Train Your Dragon: Which Position Should Russia Take in the Confrontation between China and the US?

After the brutal blow of the coronavirus pandemic, no one has any doubt that the world is expected to undergo serious changes. This discussion is about which direction international cooperation will take.

Will national selfishness play out? Or, conversely, having survived a shared misfortune, will governments look for ways to interact and strengthen the international organizations that emerged after World War II?

Where Is the Struggle for Greatness Headed?

The United States and China have a special place in this discussion. With Donald Trump’s slogan “Make America Great Again,” the U.S. does not hide its intentions. Washington wishes to return to a unipolar world and restore its recently lost political and economic domination.

The Chinese Communist Party does not make statements about its geopolitical aspirations. And this fully corresponds to the Chinese foreign policy tradition of “silent infiltration.” However, the lack of foreign policy noise and great-power rhetoric doesn’t mean that it doesn’t intend to secure a major role on the world stage — and judging by the U.S. reaction, Washington has no illusions about China’s plans. The American press is leading a continuous attack on Beijing’s policies. Here are just a few regular subjects: China has inundated the U.S. with its spies, it bribes universities, steals technology, pushes the U.S. out of areas of political influence, and finally, the claim that it was the Chinese who deliberately exposed the world to the coronavirus.

Who Is Threatened by China?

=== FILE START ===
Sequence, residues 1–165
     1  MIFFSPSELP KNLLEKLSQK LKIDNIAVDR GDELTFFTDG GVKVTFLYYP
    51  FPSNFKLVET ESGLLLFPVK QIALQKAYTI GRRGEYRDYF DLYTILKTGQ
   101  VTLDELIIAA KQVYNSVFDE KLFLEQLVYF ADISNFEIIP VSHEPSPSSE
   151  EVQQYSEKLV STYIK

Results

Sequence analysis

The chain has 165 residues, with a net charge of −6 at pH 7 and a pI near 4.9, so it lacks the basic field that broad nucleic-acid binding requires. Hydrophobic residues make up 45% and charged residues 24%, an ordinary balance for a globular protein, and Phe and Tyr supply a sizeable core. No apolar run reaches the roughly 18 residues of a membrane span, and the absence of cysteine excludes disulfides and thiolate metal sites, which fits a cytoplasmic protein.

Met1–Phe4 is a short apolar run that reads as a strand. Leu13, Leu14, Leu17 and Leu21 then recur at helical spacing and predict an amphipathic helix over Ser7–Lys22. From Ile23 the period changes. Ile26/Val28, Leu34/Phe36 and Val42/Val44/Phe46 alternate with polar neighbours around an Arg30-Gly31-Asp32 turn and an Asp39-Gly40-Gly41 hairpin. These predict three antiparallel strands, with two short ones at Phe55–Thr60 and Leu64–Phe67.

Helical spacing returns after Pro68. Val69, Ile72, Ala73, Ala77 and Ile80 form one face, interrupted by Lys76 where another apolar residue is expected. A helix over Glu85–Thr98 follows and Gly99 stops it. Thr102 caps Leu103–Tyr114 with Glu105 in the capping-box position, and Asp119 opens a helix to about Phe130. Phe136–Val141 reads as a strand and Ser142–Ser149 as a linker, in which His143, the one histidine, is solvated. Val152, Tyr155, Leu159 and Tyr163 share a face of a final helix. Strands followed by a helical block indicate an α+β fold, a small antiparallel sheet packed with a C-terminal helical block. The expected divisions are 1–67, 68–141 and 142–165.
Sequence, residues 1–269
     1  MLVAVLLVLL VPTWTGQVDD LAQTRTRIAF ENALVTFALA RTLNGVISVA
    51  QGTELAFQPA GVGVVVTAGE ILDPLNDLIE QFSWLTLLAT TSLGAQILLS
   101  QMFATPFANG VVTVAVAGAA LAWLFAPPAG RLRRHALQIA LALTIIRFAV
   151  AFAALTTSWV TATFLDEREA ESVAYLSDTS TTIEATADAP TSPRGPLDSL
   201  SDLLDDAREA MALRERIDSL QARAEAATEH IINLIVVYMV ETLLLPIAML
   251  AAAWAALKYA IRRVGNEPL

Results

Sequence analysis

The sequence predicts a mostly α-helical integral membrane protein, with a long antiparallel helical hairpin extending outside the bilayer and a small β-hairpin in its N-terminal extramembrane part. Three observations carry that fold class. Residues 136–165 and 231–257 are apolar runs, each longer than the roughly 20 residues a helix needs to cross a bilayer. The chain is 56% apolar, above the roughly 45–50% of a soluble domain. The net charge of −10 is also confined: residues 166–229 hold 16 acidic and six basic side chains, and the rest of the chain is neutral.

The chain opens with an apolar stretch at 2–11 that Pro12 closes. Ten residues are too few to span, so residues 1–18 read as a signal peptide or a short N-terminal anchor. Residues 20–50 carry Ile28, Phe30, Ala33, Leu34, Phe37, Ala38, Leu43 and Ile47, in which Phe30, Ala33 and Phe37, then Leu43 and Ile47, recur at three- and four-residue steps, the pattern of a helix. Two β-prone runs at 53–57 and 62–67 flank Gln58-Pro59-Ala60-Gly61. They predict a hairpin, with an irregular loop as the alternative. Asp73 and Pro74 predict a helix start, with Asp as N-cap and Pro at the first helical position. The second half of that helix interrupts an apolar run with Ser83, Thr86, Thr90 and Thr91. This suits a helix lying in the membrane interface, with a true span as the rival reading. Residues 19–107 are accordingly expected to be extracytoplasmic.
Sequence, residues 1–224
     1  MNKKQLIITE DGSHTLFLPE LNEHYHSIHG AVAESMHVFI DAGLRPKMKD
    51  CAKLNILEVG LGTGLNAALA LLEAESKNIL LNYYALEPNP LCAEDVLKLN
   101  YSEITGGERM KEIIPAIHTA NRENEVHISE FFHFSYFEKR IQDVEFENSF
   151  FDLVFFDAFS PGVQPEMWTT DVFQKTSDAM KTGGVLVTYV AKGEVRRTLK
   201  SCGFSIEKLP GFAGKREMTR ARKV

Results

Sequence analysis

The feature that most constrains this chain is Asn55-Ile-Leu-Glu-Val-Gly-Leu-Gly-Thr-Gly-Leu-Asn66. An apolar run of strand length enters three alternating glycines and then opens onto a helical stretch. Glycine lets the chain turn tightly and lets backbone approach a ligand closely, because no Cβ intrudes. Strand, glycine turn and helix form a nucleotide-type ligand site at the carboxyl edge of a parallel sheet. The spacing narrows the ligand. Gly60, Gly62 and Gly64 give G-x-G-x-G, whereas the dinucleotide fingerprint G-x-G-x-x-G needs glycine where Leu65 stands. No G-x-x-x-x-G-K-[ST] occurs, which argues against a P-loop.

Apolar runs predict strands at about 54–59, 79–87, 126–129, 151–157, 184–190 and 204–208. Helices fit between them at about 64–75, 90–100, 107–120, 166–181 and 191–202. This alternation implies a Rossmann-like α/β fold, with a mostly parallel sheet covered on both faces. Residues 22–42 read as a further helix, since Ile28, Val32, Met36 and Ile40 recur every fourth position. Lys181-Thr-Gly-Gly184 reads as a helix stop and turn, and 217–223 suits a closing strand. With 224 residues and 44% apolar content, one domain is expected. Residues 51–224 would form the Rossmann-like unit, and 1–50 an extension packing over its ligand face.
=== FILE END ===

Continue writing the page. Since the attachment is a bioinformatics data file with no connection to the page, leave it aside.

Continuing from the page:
Recently, U.S. Secretary of State Mike Pompeo openly declared that the Chinese regime and the CCP represent the main threats to U.S. interests. The ideological subtext of this statement is not misleading. American politicians are least of all interested in what tenets the People’s Republic of China lives by. When China was weak, Washington actually turned a blind eye to the human rights violations there: to the persecution of Buddhists in Tibet, to restrictions on the rights of Catholics and Protestants, and to the situation with Taiwan and Hong Kong. All this did not worry the overseas public too much.

Beijing’s economic and geopolitical expansion frightens Washington. It reacted very warily to Beijing’s global project “One Belt, One Road,” which would ensure the unhindered movement of Chinese goods around the world. China is not sparing any money in the construction of this project. Though attractive at first glance, the loans are provided with such tricky conditions that they quickly become a burden for recipient countries. According to media reports, 68 countries were seduced by Beijing to cooperate on a project, 23 of which are located in financial dependence zones and eight that are unable to service their debts to the Chinese (including Tajikistan and Kyrgyzstan). Among those particularly affected is Sri Lanka. While trapped in debt, it was forced to hand over its seaport to China on a free lease for 99 years. This is the “quietest” tactic of the Celestial Empire.

China is also rather active in the post-Soviet space. Today, its companies already control up to 25% of oil production in Kazakhstan. Also, Beijing received exclusive rights to extract natural gas in Turkmenistan by giving the country a $12 million line of credit.

Our press writes about this as well, but, I would say, it is mindful of the traditional Chinese-Soviet friendship. The signing of a Comprehensive Strategic Partnership in 2012 and an even closer military cooperation with China, as well as general anti-American sentiments, restrain Moscow from critical analysis. For example, recently Russia and China held the largest joint military training in history. This did not go unnoticed in the U.S.